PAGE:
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Barbara Lofton, director of the Office of Diversity and Inclusion in the Sam M. Walton College of Business at the University of Arkansas, and Elecia Smith, executive director of the U of A’s IDEALS Institute, presented the workshop “In Too Deep: Managing Stress and Preventing Burnout” at the Association to Advance Collegiate Schools of Business International Diversity and Inclusion Summit on Nov. 13 in New Orleans.
The summit took place as part of the AACSB’s International Associate Deans Conference held Nov. 13-15. The AACSB is the international accrediting organization for collegiate business schools.
The presentation focused on the causes of stress for diversity professionals and resources and tactics available to lessen the stress.
“Stress and burnout are all too common for diversity professionals,” Lofton said. “I want to support other professionals by providing resources to them and advocating for them. I believe in paying it forward.”
Lofton also presented “To Have or Not to Have an Office of Diversity Within a College” to the Diversity and Inclusion Network Affinity Group meeting held at the conclusion of the summit. She discussed best practices, missions and strategies employed by collegiate diversity programs. Lofton served as the session moderator.
“Diversity helps teams think differently and create smarter products and programs,” Lofton said. “It is the right thing to do, but it is also a smart and profitable thing to implement in business or academia, whether referring to diverse hires, diverse thought, or products and programs that speak to diverse audiences. It all matters.”
Walton College boasts the oldest diversity and inclusion office at any Southeastern Conference business school. It celebrated its 25th anniversary in 2019. Lofton has served as its director for 24 years.
Barbara Lofton, director of the Office of Diversity and Inclusion in the Sam M. Walton College of Business at the University of Arkansas, received the Tony Walker Diversity Champion Award from the Gerald and Candace Alley Foundation Nov. 20, 2019, to acknowledge her work to support and promote diversity and inclusion in Northwest Arkansas, the U of A and Walton College.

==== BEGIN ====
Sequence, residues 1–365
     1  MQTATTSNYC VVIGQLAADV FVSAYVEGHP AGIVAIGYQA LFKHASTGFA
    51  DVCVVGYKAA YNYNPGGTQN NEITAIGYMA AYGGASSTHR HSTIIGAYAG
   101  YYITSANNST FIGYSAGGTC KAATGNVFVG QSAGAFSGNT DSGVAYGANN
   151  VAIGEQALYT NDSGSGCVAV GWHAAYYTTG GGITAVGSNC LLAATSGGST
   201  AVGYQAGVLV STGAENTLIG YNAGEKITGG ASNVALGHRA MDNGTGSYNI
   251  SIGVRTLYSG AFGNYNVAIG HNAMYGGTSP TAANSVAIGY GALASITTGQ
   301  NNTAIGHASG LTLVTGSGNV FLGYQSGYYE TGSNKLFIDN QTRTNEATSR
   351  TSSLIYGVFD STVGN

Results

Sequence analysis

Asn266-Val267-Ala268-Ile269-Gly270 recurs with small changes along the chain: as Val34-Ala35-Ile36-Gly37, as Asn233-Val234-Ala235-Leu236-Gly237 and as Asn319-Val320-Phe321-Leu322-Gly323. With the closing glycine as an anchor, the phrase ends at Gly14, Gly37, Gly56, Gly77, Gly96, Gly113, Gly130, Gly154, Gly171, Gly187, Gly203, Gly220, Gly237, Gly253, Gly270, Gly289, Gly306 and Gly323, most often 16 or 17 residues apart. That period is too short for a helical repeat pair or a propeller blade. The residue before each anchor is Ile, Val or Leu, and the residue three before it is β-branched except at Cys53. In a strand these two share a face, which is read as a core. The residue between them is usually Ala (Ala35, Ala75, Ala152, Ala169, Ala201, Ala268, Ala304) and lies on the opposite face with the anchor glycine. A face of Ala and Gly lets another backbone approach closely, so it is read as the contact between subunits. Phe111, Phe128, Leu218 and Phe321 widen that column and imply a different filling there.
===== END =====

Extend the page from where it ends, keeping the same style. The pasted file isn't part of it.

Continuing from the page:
Lofton was recognized at Crystal Bridges Museum of American Art in Bentonville during the 40th anniversary tour of Con-Real, a real estate, construction and development company in Arlington, Texas, which is touring the regions in which it serves.
Gerald Alley, president and chief executive officer of Con-Real, presented Lofton with the award.
“I was so surprised and humbled by this recognition. I do things because it’s the right thing to do,” Lofton said. “If I want to leave the world better than I found it, I have to do my part.”
Lofton and her team provide support services for undergraduate and graduate students at the Walton College. In addition, the office hosts summer camps for high school students to attract minorities and women to business programs. Her team also serves as advisers to several registered student organizations that promote diversity in business.
Alley is a member of the Walton College Dean’s Executive Advisory Board. His brother Troy Alley Jr., executive vice president and real estate leader at Con-Real, serves on the University of Arkansas College of Engineering Advisory Council. Both are graduates of the U of A. The Alleys support several outreach programs at Walton College through the Gerald and Candace Alley Foundation and Alley Scholars, a nonprofit organization founded by Troy and his wife Unnice, which promotes and supports education through scholarships, networking events and business competitions.
Lofton has served as the director of diversity and inclusion at Walton College for 24 years. She also teaches diversity classes at Walton College. Previously, Lofton worked as an assistant professor at the University of Arkansas at Pine Bluff and Grambling State University. She received an Ed.D. in higher education from Grambling State University, M.A. from the University of Iowa and a B.S.E.D. from Jackson State University. She is a member of the American Association for Blacks in Higher Education.
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